We’ve been living in Colorado for about six months working away. And we FINALLY made it to the beautiful Rocky Mountain National Park. And to be honest, we still didn’t give it the time it deserves. It’s been pretty tough with our work schedules, but I still didn’t want to give up the one day we had to explore. We went on the first day of National Park Week, which was also National Junior Ranger Day (4/20/19), so OBVIOUSLY we had to go.
Per our usual routine, we got up early to head to the park (but not as early as we used to…. we gettin’ lazy! We didn’t make it there until 9am!). As it was a lot of festivities, and it was a fee free day, it was jammin. It can be a bit frustrating at times with the crowds, but I really do love knowing that people are taking advantage of our access to these beautiful protected National parks.
I had prepared early and printed off my own Junior Ranger booklet the night before so we didn’t have to stop at the Beaver Meadows Visitor Center to pick one up. We headed straight to Bear Lake; one of the more popular and visited hikes at the Park. This road takes you past quite a few scenic overlooks and trailheads as well.
As it was only the end of April, the mountains were still covered in snow which made for a nice icy hike. Bear Lake is a great hike for all because it has a variety of distances that you can choose to do, and no matter how far, you’ll still see some beauty. The first stop after the trailhead is about 200 feet (there’s legit a sign). Mike and I hikes up to Nymph Lake and then continued on to Emerald Lake. I think roundtrip it was a few miles. With the ice and snow, it took us about an hour. Once we got past Nymph Lake, the crowd cleared out quite a bit and Emerald Lake had a much more serene feel to it.
When we finished that hike and we’re leaving, the parking lot was completely full, and the Rangers were not diverting all traffic and not letting anyone else up until later, so I’m super glad we got there early-ish.
We then checked out some of the scenic overlooks and headed to the Visitor Center so I could pretend I’m not in my 30’s and partake in all the Junior Ranger Day festivities! We learned about “Leave No Trace,” (I taught the Ranger about the Rule of Three from the best Camp; if you pick up anything in nature, don’t move it more than 3 feet, don’t hold it for more than 3 minutes, and make sure to show three friends before you put it back where you found it!) did crafts, and talked to the Waste Management Ranger…. guys, we all need to do better. He had a demo of what he has to do to clean out the restrooms/outhouses, and had a bucket of the weirdest/worst things he’s ever found.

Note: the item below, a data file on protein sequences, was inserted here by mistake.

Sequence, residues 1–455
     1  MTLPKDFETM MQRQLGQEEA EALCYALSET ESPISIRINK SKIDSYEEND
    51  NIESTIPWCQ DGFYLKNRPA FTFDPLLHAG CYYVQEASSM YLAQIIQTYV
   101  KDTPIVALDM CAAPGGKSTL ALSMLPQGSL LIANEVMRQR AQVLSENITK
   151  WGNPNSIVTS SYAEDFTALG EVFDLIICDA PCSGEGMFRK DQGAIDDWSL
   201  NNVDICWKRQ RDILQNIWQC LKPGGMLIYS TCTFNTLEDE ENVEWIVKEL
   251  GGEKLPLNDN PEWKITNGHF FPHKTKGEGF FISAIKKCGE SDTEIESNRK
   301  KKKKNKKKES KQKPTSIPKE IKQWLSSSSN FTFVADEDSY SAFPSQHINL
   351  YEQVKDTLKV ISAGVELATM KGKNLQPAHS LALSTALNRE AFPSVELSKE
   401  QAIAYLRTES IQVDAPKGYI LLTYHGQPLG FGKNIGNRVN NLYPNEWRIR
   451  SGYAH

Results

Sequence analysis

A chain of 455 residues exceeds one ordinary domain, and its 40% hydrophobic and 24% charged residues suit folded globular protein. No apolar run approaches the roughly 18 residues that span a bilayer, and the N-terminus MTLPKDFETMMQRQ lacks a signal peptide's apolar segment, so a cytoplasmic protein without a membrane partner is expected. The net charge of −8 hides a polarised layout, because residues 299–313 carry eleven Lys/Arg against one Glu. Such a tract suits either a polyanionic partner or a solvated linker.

Mike and I then left for Estes Park where I explored the YMCA Conference Center and the brewery. Both beautiful, in different ways. Below are a few tips I have for the park, even though I really just got a taste of it – we’ll be back to explore more!
- There’s a reason it’s most visited in the summer – there was only one of the 4 Visitor Centers open and a multitude of the trails are closed for safety. If you go when it’s NOT summer, you’ll definitely get a more intimate and less crowded visit, but the trails will either be easy or for the very advanced! Be prepared! There were lots of people with crampons, microspikes, and cross country skis which is a great way to explore safely.
- STAY ON THE TRAIL. Not only is this for your safety, but it for the safety of the flora and fauna of the parks.
- Wear and pack layers. Not only does the mountain weather change quickly, in one hike you can go from 80 degrees to 30 degrees.
- Book early if you want to camp – things fill up months in advance. This park is in the top ten of most visited.